A new study published today (Friday 14 September) in Environmental Research Letters, compares the latest seasonal forecast system to the one previously used [1]. The conclusion is that the latest models can better warn the UK of extreme winter weather conditions.

The winter of 2009–2010 was known as “The Big Freeze” here in the UK and was part of the severe winter weather in Europe. It was the coldest winter since 1978-79, with a mean temperature of 1.5 °C.


Picture of the UK taken on the 7th January 2010.

The new model takes into account sudden stratospheric warmings (SSWs), which are known to be responsible for cold surface conditions. SSWs happen when the polar vortex of westerly (eastward) winds in the winter hemisphere suddenly slows down or even reverses direction, accompanied by a rise of stratospheric temperature by several tens of kelvins.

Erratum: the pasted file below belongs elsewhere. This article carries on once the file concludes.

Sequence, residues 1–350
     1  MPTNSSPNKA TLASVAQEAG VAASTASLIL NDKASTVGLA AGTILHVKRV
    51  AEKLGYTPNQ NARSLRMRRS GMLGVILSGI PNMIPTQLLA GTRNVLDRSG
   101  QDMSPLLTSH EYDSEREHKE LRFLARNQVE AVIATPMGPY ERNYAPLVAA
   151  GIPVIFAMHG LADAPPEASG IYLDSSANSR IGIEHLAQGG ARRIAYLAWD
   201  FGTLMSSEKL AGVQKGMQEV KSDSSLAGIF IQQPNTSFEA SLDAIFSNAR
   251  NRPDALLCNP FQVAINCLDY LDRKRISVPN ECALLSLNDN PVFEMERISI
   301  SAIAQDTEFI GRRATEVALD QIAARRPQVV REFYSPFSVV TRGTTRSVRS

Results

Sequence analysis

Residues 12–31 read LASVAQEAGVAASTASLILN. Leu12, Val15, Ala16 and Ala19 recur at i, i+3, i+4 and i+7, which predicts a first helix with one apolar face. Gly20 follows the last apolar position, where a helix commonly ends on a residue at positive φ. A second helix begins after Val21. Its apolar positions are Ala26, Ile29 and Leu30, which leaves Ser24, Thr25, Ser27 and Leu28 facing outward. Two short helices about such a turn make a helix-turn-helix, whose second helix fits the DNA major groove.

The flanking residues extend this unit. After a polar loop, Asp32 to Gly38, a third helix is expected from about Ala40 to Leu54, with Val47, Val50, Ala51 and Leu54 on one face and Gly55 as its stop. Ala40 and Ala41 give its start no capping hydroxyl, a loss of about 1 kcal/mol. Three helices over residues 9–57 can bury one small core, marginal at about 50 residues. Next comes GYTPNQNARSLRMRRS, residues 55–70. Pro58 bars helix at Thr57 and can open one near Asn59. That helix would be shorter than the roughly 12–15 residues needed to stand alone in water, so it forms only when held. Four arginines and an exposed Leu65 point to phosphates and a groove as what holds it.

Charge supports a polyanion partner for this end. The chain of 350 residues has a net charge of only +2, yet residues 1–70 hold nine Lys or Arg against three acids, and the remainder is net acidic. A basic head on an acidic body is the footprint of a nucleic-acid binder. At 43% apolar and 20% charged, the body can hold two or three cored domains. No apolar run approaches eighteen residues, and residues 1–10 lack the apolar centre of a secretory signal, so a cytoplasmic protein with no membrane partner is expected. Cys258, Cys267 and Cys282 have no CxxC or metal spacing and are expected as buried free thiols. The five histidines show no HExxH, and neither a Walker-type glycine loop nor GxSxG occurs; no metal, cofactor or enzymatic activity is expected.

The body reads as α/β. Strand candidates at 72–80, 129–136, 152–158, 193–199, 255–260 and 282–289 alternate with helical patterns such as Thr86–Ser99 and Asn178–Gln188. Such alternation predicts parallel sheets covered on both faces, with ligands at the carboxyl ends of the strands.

[1] D R Fereday, A Maidens, A Arribas, A A Scaife and J R Knight. Seasonal forecasts of northern hemisphere winter 2009/10. (2012) Environ. Res. Lett. 7 034031


IOP News

UK universities have student places left

Apparently about a quarter the UK Russell Group Universities still have undergraduate student places, as the new tuition fees regime comes in.

…it is likely fewer people will go to university this year.

Higher Education Minister David Willetts

UCAS say that there are more than 26,000 university courses with empty places, compared with 20,000 at this time last year.


BBC News

Pictures of atomic bonds from IBM in Zurich

A team at IBM in Zurich have used a variant of a technique called atomic force microscopy to produce single-molecule images [1]. These are so detailed that the type of atomic bonds can be seen.

Here are some of those pictures. They belong to IBM and can be found on the BBC website.


The bonds at centre are shorter than those at the edges, as they involve more electrons.


The same team imaged olympicene.


[1] Gross et al. Bond-Order Discrimination by Atomic Force Microscopy. Science 14 September 2012:
Vol. 337 no. 6100 pp. 1326-1329